Dot Wordsworth

Existential threat: the birth of a cliché

A word that didn’t arrive in English until 1941 is already bonded into nonsense

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In the endless game of word association that governs vocabulary, the current favourite as a partner of existential is threat. They make an odd couple. Max Hastings managed to get them into the Daily Mail the other day, writing that ‘although Islamic fanatics can cause us pain and grief, they pose no existential threat as did Hitler’s Germany’. A letter to the Times said that the Charlie terrorists’ ‘wicked ideology is an existential threat to Islam itself’. In those examples, the threat is to our existence or to the existence of Islam. But in this phrase from an article by Irwin Stelzer in the Sunday Times, ‘sincere believers in the existential threat of global warming’, whose existence is threatened? Here existential threat has become equivalent to deadly threat.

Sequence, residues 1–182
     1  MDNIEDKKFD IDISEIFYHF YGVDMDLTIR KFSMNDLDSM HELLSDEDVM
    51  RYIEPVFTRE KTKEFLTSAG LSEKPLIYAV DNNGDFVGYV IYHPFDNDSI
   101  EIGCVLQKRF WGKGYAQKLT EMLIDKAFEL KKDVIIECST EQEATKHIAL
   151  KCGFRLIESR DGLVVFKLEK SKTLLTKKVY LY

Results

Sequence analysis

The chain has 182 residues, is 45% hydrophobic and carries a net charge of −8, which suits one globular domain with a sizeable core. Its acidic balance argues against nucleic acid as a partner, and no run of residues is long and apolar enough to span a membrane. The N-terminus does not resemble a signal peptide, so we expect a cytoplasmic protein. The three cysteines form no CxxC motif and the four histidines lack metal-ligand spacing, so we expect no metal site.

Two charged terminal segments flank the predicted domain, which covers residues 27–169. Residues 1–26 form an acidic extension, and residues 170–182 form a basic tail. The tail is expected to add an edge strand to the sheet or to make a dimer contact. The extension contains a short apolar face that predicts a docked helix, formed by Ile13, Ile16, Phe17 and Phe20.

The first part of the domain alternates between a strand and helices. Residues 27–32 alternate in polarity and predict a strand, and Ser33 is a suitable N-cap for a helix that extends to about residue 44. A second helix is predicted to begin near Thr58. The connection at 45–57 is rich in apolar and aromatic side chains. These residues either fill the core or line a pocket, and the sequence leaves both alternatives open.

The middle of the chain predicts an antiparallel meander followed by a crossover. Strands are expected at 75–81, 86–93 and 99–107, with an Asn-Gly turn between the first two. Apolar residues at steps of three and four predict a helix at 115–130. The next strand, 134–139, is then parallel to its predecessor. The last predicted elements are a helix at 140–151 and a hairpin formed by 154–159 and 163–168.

The construction is strange because it means ‘threat to existence’, rather than ‘threat that exists’. Think of parallels: Islamist threat does not mean ‘threat to Islamists’. Intentional threat is not ‘threat to intention’.

Some people do still manage to use existential outside this cliché. The Pope in his interesting dressing-down for curial officials before Christmas, spoke of the sad person who seeks ‘to fill an existential emptiness in his heart by accumulating material goods’. The singer Ian Bostridge, discussing Schubert’s Winterreise, mentioned the ‘wanderer’s existential misery’.

As a more or less vague philosophical category, existential has been with us only since 1919, even in the German form Existentialismus, and it wasn’t until 1941 that it was heaved over the borders of the English language by dropping the -us. That was nearly 100 years after Kierkegaard had started publishing work on the idea, but he wrote in Danish and used the term Existents-Forhold.

Although the word existence was known in the 14th century, most people wrote about philosophy in Latin at that time and used the word existentia. The verb exist waited another couple of centuries to appear, not being known before Shakespeare used it in the mouth of King Lear, who swore to disown poor Cordelia ‘by all the operation of the orbs/ From whom we do exist and cease to be’. It’s the threat of ceasing to be that worries people now.